The onboarding process defined in this document describes how an OwnerOperator can authenticate Devices added to the network. This document does not define any mechanisms to allow Devices to authenticate the network it is connected to. This implies that a Device connected to a network will allow itself to be configured via any network that it is connected to. This behaviour is called “Trust on First Use” or TOFU.
When first connected to a network the DCA will be in an initial state where it will either attempt to discover a network service that it can get its configuration (PullManagement, see 7.2) or wait for another application to provide its configuration (PushManagement, see 7.3).
Once the onboarding process completes the DCA is supplied with credentials that authorize Applications that are allowed to make changes to its security configuration. Devices should have a mechanism to return the DCA to an initial state which discards all configuration, including all credentials and TrustLists that were assigned in a previous onboarding process.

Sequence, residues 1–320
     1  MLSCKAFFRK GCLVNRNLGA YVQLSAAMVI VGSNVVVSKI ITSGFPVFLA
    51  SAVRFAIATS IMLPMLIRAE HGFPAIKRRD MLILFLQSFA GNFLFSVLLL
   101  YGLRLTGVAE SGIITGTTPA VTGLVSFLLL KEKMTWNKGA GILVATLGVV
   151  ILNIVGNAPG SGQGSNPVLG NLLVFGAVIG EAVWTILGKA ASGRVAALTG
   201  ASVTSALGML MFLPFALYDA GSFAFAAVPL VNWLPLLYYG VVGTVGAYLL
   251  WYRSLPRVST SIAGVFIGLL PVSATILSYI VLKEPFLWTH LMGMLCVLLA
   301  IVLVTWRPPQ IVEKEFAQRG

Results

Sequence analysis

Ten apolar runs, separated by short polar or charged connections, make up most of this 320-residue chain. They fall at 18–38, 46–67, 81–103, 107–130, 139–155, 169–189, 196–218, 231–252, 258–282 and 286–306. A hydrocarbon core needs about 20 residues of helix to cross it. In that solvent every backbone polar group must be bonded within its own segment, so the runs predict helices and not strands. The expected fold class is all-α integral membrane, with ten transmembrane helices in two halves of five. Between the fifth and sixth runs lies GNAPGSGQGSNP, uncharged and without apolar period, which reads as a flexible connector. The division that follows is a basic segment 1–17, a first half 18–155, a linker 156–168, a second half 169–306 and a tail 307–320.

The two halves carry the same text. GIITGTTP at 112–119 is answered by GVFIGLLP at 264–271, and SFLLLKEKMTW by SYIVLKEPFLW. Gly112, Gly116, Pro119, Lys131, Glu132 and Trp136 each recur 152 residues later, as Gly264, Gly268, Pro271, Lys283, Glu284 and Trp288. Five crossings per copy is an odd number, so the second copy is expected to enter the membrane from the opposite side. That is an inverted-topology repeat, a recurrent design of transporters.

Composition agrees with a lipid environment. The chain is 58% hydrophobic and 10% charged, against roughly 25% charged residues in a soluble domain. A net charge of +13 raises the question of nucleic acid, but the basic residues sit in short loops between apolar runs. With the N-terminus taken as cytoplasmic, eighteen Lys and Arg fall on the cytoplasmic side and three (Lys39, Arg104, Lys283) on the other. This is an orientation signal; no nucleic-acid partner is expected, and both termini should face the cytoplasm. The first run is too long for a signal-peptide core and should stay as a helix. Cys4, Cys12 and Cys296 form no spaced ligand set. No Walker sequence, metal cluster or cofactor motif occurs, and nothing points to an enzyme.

The new state allows the TOFU onboarding process to start again. Note the initial state is not the same as a factory reset which typically deletes all software installed on the Device. The reset mechanism should require proof of physical possession of the Device to ensure it cannot be exploited remotely.
The TOFU model exposes the Device to malicious actors that are running on the network. This means the network used for configuration has to be protected to make it harder for a malicious actor to gain access to the network. OwnerOperators should also have network services designed to detect and eliminate malicious applications that attempt to interfere with the onboarding process.
Devices may have other ways to assign the credentials provided by the onboarding process in order to avoid the risks associated with TOFU.